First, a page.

At what point should an elderly parent, prone to falls, go from walker to scooter? After they take a hard fall that kills them? This is a vexing situation, a slippery-slope dilemma that many mature adults face with their elderly parents.

At some point, the elderly person who’s at risk for falling needs to transition to a scooter – not because they can’t ambulate with a walker, but because even with a walker, they are at high risk for falling.

Also, the problem with a walker in unstable elderly users is that it has a way of luring them into using a cane every so often.

Using a cane is great for people who’ve been walking around WITHOUT ANY assistance, and have finally realized they should use a cane.

But going from the much-needed walker to a cane is just begging for a fall.

An elderly person on a walker who sometimes uses a cane (e.g., they don’t want to bother getting the walker out of the car trunk when they go out to eat; or, they feel no need to use a walker to move from the car door to the house entrance) may feel they are not ready for a scooter.

Objections by Elderly Person Refusing to Use Scooter

“My legs will quickly atrophy if I’m sitting all the time.”
Point out that they’re ALREADY sitting so much, that the additional sitting from a scooter will not accelerate atrophy.

Tell them that leg exercises, done while lying in bed, will help slow down atrophy – which (point this out) has already been in process.

“I can’t afford a scooter.”
They range from under $550 to $1,999 and more, but really, that $1,999 EW 36 Mobility Scooter looks more like a miniature motorcycle.

Many elderly people who refuse to go from walker to scooter can easily afford the cheaper scooters.

Furthermore, insurance plans may help cover the cost!

My father, who’s at risk for falls and uses a walker, balks at the price of a scooter, yet recently sold his baby grand piano for $40,000. He wasted no time dropping $1,800 on a small piano.

If your elderly parent says they can’t afford a scooter, you’ll want to seriously question this affirmation.

“The house won’t accommodate it.”
Scooters are designed to fit through common doorways. They are not wheelchairs.

However, a trio of steps that lead to the garage, for instance, will have to be converted to a ramp. Well, this is home renovation 101; easy stuff for a good handy man.

If your elderly parents frequently complains of pain when walking (with walker), point out that living life out of a scooter will eliminate a LOT of pain in their life.

The best time to transition from walker to scooter is BEFORE a disastrous fall occurs, BEFORE the individual reaches a point where they are too weak to even use a walker.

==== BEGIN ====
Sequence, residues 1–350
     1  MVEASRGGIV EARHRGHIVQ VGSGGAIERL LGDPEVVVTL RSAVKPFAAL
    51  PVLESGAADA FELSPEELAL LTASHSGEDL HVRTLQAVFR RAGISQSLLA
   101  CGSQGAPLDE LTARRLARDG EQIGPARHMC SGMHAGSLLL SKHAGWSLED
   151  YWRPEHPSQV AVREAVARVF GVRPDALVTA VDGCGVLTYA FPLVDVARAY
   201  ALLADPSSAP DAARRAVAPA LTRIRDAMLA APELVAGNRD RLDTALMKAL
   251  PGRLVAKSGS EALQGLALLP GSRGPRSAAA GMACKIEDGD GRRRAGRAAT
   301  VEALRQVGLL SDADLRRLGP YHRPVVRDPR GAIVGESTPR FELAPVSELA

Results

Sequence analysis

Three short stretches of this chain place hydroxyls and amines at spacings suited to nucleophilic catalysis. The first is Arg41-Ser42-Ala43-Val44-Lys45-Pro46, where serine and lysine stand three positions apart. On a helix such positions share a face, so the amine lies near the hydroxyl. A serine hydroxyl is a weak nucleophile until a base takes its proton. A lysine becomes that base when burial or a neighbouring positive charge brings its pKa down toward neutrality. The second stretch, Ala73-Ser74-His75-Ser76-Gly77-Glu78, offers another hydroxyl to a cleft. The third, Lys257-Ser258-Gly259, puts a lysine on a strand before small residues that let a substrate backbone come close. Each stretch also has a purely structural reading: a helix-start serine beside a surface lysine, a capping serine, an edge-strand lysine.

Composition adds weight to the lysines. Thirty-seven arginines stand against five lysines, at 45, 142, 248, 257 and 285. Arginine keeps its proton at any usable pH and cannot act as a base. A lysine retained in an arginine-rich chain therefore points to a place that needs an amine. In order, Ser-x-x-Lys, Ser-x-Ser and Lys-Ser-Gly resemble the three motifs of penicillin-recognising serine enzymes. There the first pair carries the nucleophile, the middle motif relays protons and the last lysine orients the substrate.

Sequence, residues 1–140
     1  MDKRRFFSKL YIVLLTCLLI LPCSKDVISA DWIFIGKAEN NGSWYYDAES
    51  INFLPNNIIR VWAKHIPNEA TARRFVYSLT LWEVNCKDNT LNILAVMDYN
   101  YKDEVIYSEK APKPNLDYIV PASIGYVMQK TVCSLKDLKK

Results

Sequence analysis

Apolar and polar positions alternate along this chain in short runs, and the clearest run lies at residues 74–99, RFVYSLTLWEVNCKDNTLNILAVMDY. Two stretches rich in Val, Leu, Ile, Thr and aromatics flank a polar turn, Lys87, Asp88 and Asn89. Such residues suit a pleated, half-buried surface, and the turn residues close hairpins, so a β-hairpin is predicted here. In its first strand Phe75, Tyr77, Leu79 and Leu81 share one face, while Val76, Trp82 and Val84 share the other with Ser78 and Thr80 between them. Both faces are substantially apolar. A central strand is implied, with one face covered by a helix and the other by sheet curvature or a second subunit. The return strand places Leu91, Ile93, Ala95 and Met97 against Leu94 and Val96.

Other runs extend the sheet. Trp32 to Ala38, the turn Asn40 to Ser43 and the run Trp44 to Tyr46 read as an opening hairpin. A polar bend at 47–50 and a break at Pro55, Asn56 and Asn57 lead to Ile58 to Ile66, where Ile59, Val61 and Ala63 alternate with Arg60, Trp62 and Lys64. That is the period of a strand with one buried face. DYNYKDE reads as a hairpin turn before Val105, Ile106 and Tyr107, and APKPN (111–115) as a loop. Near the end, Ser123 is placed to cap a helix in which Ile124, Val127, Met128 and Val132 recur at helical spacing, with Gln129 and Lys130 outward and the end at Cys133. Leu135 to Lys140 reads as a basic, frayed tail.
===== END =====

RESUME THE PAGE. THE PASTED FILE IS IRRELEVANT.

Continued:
If you’re an elderly person who uses a walker, and your kids are urging you to transition to a scooter, what’s holding you back?

• Do you think the scooter will make you look “old” and helpless?
• Do you still think your Superman or Wonder Woman and will always be able to catch yourself in mid-fall?
• Are you waiting till you fall hard to cement and fracture a hip?

“What happens happens.”
This is yet another objection that the worried kids might hear. Here’s how to counter it:

“No, this is NOT a ‘what happens happens’ situation. This situation has a predictable outcome. Decisions you make today will determine what the trajectory or path is.

“That path will either lead to a fall or lead to NO fall. It is very predictable.

“Now, if a meteor falls out of the sky and hits your house, then THAT’S a ‘what happens happens’ situation.

“If you have a heart attack in your sleep or get hit by a bullet by a madman at the grocery store, THOSE are ‘what happens happens’ situations.

“A ‘what happens happens’ situation is 100 percent UNPREDICTABLE and not the result of foolish decisions.

“On the other hand, a fall – even if the victim is elderly and frail – is almost always the result of the WRONG decision (e.g., abandoning the walker while in the kitchen to walk “just a few steps” from table to sink – but then the fall occurs during one of those “few” steps!).

“What do you think your fall risk would be if you were living your life out of a scooter?”

Cite the Alarming U.S. Statistics

• Falls are the No. 1 cause of injuries and fatalities from injuries in seniors.
• Every 19 minutes a senior dies from a fall.
• 25% of seniors fall every year.
• Half of hip fracture patients never regain independent functioning.

I can’t guarantee these tactics will work, but they’re sure worth a shot. There is no shame in going from a walker to a scooter, folks.

Stop putting your kids through hell and just get the doggone scooter! The money will be worth it!

Lorra Garrick is a former personal trainer certified through the American Council on Exercise. At Bally Total Fitness she trained women and men of all ages for fat loss, muscle building, fitness and improved health. 
Top image: Shutterstock/Ljupco Smokovski